Party purges and “reeducation” resulted in the imprisonment or execution of those who held views contrary to Mao.

RED GUARDS TERROR anyone they suspected were against Mao. Daily life required shouting slogans and reciting Mao quotations from the “RED BOOK”.

Supporters of Mao state China’s unity and sovereignty was re-established.

The development of industry, healthcare, and education raised the standard of living for the average Chinese.

They also claimed Mao “jumpstarted” China’s development, creating a “clean slate” on which later economic progress could be built. Critics of Mao’s regime assert that Mao’s campaigns were economically and humanly disastrous, leading to over 70 MILLION DEATHS during Mao’s rule.

China had supported communist North Korea against South Korean/U.S./United Nations forces during the Korean War (1950-53). Initially allies, a dispute between China and Soviet Union developed in the late 1950s.

In 1972, Mao met U.S. President Richard Nixon to establish formal relations with their former Cold War rivals. The PRC was admitted to the United Nations in place of Nationalist Taiwan.

The issue of Taiwanese “independence” and the communist “One China” policy could lead to future conflict.

A power struggle followed MAO’s DEATH in 1976.

DENG Xiaoping became the leader of China from 1978 to 1992, leading the country to significant economic reforms. The Communist Party loosened or “liberalized” government economic controls.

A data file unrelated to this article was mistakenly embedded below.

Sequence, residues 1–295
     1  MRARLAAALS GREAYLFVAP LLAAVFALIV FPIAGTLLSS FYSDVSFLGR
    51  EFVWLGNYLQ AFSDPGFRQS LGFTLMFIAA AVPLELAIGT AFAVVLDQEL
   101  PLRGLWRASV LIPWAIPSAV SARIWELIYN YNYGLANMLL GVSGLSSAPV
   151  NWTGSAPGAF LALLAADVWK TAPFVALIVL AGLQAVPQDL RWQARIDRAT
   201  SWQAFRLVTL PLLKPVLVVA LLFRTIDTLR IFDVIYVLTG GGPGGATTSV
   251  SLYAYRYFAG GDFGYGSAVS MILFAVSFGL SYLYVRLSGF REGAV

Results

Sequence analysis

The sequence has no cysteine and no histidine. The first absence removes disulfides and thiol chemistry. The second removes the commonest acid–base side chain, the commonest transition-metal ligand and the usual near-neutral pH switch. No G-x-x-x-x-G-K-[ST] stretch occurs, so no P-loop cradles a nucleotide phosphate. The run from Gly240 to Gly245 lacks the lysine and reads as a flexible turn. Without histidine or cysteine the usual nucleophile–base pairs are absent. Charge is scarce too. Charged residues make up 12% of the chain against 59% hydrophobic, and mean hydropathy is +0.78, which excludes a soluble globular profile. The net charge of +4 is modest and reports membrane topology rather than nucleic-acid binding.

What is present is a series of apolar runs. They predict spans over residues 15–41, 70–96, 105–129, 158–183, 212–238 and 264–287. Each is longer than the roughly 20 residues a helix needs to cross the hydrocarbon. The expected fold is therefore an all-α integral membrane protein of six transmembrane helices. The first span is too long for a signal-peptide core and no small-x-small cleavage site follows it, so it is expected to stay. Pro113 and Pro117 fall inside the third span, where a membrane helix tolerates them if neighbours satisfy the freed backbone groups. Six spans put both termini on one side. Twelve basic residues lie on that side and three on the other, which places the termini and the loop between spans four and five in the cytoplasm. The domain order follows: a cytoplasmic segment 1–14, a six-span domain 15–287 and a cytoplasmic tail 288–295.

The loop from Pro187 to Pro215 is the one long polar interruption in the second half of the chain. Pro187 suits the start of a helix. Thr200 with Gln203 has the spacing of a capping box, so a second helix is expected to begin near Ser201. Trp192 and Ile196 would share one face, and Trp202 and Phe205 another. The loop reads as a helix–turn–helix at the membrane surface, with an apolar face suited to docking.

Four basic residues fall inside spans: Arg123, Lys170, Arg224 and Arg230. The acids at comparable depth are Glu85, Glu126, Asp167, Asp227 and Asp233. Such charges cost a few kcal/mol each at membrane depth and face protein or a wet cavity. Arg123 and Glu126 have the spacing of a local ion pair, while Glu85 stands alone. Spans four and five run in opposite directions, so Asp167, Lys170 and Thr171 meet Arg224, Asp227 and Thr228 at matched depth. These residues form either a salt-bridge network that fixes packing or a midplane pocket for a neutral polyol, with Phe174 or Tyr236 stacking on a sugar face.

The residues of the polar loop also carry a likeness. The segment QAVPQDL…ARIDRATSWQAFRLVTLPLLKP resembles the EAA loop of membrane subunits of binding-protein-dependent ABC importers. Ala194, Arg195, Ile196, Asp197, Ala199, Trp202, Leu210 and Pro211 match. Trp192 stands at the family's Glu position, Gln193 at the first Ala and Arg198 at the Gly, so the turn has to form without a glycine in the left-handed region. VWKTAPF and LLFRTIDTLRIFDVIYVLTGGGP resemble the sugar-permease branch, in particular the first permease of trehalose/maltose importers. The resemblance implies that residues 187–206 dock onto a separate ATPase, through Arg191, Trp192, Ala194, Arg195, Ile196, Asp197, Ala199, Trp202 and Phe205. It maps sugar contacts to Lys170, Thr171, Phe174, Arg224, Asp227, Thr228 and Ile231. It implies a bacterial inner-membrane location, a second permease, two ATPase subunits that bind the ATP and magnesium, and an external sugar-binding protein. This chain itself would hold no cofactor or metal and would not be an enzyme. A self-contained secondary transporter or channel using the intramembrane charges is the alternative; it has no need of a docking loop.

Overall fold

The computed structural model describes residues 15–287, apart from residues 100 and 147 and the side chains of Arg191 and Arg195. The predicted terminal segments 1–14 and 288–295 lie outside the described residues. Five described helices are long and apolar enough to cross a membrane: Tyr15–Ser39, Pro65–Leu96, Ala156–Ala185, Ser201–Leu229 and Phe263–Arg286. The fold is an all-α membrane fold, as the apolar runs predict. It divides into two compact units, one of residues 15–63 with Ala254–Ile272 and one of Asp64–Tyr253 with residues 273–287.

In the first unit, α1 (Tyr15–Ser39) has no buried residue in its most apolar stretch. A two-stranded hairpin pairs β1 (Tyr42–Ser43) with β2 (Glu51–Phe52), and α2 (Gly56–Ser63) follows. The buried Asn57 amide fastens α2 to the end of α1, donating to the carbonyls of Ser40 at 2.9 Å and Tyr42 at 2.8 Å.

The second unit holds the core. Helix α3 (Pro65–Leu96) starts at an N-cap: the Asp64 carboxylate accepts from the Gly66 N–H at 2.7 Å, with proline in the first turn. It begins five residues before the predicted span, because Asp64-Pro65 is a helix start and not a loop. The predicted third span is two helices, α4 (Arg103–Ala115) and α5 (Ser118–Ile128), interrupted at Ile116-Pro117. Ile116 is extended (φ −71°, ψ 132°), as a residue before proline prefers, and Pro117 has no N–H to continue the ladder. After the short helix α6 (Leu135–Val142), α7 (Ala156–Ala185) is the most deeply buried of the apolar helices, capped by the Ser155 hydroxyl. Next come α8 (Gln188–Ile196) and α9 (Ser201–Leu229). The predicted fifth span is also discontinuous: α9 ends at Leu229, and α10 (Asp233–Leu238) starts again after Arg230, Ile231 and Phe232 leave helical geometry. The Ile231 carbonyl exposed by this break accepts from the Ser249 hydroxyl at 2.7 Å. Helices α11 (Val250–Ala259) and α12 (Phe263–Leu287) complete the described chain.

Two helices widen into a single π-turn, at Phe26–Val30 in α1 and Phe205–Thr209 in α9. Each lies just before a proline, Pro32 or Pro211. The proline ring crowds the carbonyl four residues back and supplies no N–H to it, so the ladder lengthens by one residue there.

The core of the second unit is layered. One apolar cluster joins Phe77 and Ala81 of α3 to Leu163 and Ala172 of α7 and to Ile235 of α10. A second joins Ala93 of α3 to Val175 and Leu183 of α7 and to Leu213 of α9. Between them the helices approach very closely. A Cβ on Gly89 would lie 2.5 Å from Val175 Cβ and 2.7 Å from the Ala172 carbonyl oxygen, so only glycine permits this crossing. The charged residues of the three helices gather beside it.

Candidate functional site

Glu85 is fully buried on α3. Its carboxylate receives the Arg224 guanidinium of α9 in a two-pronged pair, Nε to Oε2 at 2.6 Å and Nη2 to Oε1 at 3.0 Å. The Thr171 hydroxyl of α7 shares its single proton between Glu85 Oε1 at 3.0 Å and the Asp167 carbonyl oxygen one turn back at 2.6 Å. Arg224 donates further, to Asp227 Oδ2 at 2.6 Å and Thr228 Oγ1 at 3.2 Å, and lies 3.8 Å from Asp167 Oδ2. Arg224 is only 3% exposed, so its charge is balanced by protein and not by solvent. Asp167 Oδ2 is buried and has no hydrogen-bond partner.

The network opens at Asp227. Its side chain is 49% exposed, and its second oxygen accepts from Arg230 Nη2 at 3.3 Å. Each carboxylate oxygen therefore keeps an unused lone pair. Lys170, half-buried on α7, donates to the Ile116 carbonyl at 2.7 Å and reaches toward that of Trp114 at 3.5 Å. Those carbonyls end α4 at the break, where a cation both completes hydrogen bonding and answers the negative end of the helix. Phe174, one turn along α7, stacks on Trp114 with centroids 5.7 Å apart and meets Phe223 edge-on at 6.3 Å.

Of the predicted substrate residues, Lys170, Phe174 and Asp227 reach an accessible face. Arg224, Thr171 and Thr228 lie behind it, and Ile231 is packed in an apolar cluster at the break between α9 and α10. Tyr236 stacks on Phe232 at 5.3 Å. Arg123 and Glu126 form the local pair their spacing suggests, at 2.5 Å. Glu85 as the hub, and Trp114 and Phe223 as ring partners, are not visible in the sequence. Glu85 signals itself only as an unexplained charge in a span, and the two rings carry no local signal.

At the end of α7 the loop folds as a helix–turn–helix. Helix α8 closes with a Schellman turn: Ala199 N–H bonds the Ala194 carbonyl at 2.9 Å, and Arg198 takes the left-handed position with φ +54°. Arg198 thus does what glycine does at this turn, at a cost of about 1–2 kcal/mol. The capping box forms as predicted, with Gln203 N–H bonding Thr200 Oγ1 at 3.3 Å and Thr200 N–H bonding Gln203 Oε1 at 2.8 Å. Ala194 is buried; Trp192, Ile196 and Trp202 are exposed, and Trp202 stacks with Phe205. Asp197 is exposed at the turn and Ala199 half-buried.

China transitioned from a state planned economy to a mixed “private” economy with an increasingly “free market” capitalist system. Urban workers and farmers took advantage of opportunities to establish industries and diversify crops.

Reforms led to the rapid development of the consumer and export sectors of the economy, the creation of an urban middle class, higher living standards, consumer spending, life expectancy, literacy rate, and total grain output.

A modern and “globalized” China joined the World Trade Organization in 2001.

However, liberal forces began to protest against Deng’s and the Communist Party’s authoritarian leadership.

In 1989, students protested for several months in TIANAMEN SQUARE, speaking out against corruption and for political reform, including democratic rights and freedom of speech.

The government eventually sent in tanks and soldiers to forcibly clear the square. This event was widely reported and brought worldwide condemnation.

“Human rights” are still an “issue” – the death penalty, the one-child policy, the status of Tibet, no freedom of press, the lack of an independent judiciary, rule of law and rights for workers, the absence of independent labor unions, discrimination against rural workers and ethnic minorities and religious repression.

In the 1990s, economic growth pulled an estimated 150 million peasants out of poverty. China developed into the world’s second largest economy. (passing Japan)

Critics of the economic reforms claimed they caused wealth disparity, environmental pollution, rampant corruption and often unwelcome cultural influences.

Wealth disparity between urban and rural areas, East and West prompted government programs to “develop the West”.

Will China develop into the “dominant” nation in Asia and the world?

Or will a nation of 1.5 BILLION people be unable to solve internal “issues”?